In Khyber-Pakhtunkhwa: The lensman and the lashkar

K-P has really been the centre of attention ever since the War on Terror broke out. But what is there to see?

Robin Fernandez August 14, 2011

Young Italian photojournalist Massimo Berruti sees something different. He is one of the few who dare to turn stereotypes on their head and present a contrasting and empathic view of Pakistan — one that rarely finds a place in the western media. Berutti, who was awarded the Carmignac Gestion Prize of Photojournalism in May 2011 for his work on the tribal lashkars who battled the Taliban in Swat and other districts in Khyber-Pakhtunkhwa, found to his surprise that the members of these outfits were not the violent and ruthless people the West often makes them out to be.

“They, in fact, devote themselves to protecting their families and people, risking their lives in a very generous commitment,” Berruti points out.

He should know, because he spent the better part of 50 days with these civilian militiamen. They showed the same spirit of generosity by making themselves available and giving him a lot of time despite their demanding duties.

One of them was Said Bacha, a 75-year-old tribal elder, who played a decisive role in ousting the Taliban from the Swat Valley. Bacha, who lives in Maban village near the border with Dir district, is a marked man as far as the Taliban are concerned, but his stance against militancy remains unchanged.

Berruti believes that disinformation has been spread about tribal lashkars — that its members are extremists themselves and act like mercenaries — when this is simply untrue. “My goal with this work was, in fact, mainly to make the situation of tribal people in Pakistan more widely known and understandable to a wide audience,” he says, explaining how he tackled this year’s Carmignac Gestion programme which required him and other photojournalists to spend time in the border areas between Pakistan and Afghanistan.

It is part of a lashkar member’s destiny to “fight the Taliban and protect their people at whatever cost.” From their point of view, he says, this is not a duty they can shirk or a job they can refuse, because they feel that “their lives are in the hands of God.”

The Italian lensman is clearly moved by the predicament of lashkar members. He believes they have lived through extraordinary hardship in the wake of their struggle against the Taliban insurgency. Their circumstances worsened following the flood last year. Despite that, he says, the government didn’t give them enough support to recover. For many of them, the challenge of rebuilding their lives is now a bigger one than fighting militancy.

Over the past few years, Berrutti has covered some of the bigger headline-grabbing events in Pakistan. From the super flood of 2010 to the targeted killings in Karachi and from the battle against militancy in Swat and elsewhere to the movement for the restoration of the superior judiciary, Berruti has found himself in the thick of things. The images he has captured of these stories are deeply evocative, showing the everyday valour of his subjects.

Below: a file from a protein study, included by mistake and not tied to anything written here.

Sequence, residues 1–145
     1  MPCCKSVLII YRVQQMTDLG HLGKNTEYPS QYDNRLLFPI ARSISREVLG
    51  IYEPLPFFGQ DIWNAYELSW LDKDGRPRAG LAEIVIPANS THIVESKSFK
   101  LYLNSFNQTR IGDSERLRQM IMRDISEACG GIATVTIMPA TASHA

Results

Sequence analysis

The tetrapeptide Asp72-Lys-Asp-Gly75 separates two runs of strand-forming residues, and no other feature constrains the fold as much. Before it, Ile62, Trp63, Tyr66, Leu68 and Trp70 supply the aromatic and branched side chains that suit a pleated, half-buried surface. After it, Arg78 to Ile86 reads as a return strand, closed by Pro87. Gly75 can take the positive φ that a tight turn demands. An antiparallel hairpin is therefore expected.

“I feel close to Pakistani people, having spent the past three years in the country, but what they are suffering does not make me happy at all,” he said, dispelling the impression that the country has been in any way a happy hunting ground for him. However, he acknowledges that he is keen to share Pakistan’s stories with the world.

“I think Pakistan is often misunderstood [by the world], and I feel this is as much a danger for its people as well as for those outside Pakistan.”

Berruti is impressed by “the spirit of brotherhood” in the country which he says helps people live through calamity after calamity. “There are a lot of things Pakistanis could remind and teach the rest of the world if the West just made an effort to understand them better,” he says.

Of all the news events he has covered, Berruti says nothing has been scarier — not even the threat of a Taliban attack on a tribal lashkar — than the drive-by shootings in Karachi. “Karachi has fallen prey to this dramatic wave of violence and trying to cover these events by getting as close as a photographer has to be, you can find yourself in a number of very dangerous and scary situations,” he recalls.

Once, Berruti and his aide, Israr Ahmed, even had a close brush with death — an experience that changed his outlook on life quite a bit.

For Berruti, last summer’s devastating flood in the country was somehow inexplicable. “I perfectly remember that this huge mass of water was not preceded by the massive storms one could expect to see before such a disaster. For some reason, the dams were full at the beginning of the monsoon season,” he says. But even though he saw only a bit of the destruction, he is convinced that it was extreme nevertheless. Too many places were inaccessible and impossible to reach. Water had cut roads and travelling was extremely difficult. He is sure that had the authorities taken some measures beforehand, the severity of the disaster could have been lessened and the suffering of the people could have been eased.

Published in The Express Tribune, Sunday Magazine, August 14th, 2011.

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